One of the most important challenges facing the world is the increasing impact of global warming and water scarcity. While global mean temperature changes have been generally modest (less than 1 degree Celsius), already changes in the extremely hot end of the temperatures today are increasingly being ascribed to climate change. The interface between climate, water availability and disease is seen to be of major importance to our future, not only for spread of infectious diseases but also for diseases associated with dehydration.
Recent work has identified dehydration-associated kidney disease (termed chronic kidney disease of CKD) as the first major epidemic due to climate change, with different regional hot spots in Central America with over 20k deaths, and at several locations in India, Sri Lanka, and Africa, as well as potential hot spots in the agricultural valleys of southern Colorado and southern California. The large increase in CKD in Central America coincides with significant rise in maximum temperatures, particularly in those areas that are climatologically the warmest in the region.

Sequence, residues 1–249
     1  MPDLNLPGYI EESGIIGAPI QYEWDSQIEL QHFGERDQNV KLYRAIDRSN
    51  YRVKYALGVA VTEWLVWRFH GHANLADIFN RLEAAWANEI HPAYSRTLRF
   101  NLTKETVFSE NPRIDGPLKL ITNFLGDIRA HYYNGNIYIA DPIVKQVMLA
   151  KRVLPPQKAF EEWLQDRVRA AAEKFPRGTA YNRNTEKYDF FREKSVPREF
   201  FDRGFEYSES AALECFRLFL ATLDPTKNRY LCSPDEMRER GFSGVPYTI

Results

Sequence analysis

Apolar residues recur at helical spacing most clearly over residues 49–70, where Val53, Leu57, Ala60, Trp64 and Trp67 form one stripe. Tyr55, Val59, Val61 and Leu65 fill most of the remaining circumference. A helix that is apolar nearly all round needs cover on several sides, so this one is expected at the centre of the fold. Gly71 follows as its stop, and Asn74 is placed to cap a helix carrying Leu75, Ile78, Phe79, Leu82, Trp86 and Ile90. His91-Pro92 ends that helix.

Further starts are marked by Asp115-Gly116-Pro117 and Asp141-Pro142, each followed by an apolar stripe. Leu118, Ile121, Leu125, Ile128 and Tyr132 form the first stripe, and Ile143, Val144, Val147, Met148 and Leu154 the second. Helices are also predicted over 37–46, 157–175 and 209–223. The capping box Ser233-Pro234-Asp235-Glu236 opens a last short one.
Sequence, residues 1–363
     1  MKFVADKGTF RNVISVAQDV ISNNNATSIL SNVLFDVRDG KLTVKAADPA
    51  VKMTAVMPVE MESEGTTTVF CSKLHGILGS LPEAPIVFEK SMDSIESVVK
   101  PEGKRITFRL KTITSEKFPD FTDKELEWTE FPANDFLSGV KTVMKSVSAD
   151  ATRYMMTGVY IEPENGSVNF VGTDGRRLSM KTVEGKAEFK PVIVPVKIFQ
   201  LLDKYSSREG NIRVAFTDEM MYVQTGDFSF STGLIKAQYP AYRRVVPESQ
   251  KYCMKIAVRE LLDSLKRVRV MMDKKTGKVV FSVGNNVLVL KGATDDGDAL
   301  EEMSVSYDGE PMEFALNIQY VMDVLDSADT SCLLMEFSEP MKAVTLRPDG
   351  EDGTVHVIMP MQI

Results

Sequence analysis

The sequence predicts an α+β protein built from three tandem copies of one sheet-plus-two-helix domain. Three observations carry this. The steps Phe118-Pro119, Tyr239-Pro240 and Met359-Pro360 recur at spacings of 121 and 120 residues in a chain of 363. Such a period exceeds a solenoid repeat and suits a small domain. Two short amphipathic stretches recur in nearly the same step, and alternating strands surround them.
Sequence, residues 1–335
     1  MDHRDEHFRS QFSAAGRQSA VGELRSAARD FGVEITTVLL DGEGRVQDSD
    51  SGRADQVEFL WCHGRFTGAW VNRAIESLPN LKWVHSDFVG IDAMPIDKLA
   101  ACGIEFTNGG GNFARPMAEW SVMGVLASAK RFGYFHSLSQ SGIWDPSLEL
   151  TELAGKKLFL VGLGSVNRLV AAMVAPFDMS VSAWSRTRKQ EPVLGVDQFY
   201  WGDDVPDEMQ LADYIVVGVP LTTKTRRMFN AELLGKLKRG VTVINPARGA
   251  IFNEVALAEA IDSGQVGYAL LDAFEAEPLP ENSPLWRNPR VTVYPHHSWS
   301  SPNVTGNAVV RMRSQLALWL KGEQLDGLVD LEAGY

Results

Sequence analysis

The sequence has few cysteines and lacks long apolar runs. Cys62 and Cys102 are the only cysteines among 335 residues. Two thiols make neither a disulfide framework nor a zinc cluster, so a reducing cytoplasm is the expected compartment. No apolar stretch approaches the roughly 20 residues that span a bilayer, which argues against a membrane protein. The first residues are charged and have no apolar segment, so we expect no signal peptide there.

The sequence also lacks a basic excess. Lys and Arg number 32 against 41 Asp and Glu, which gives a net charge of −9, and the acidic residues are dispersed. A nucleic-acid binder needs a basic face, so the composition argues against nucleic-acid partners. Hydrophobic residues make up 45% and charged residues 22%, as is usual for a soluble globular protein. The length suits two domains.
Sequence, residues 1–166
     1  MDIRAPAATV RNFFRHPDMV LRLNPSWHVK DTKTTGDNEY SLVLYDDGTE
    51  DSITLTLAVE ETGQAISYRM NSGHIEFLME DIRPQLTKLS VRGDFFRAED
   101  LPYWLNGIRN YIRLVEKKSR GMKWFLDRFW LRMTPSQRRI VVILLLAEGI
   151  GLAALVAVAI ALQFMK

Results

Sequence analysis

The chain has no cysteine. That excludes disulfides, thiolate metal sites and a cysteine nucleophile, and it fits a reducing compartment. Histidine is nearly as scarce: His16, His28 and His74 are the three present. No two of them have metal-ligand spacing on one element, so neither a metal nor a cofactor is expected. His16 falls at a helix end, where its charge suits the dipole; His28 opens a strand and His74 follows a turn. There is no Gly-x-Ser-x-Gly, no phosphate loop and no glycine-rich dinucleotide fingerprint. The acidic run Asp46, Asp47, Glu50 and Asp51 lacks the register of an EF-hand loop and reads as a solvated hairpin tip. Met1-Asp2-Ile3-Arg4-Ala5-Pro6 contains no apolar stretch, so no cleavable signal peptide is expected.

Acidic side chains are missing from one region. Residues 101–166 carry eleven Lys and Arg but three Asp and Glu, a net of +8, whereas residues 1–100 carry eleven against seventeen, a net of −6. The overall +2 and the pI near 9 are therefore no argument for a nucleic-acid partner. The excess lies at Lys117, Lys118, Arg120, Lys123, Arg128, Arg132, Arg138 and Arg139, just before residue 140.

This meeting will help form a climate health partnership in the form of a multidisciplinary consortium to collaborate across disciplinary boundaries in topics directly related to the increasing impact of climate change on human health. Participants are likely to include physicians, climatologists, geneticists, medical anthropologists, epidemiologists and clinical trialists, as well as individuals interested in the effects of climate change on agriculture, nutrition, economics and government policy. The workshop will develop relationships for future professional activities and collaboration.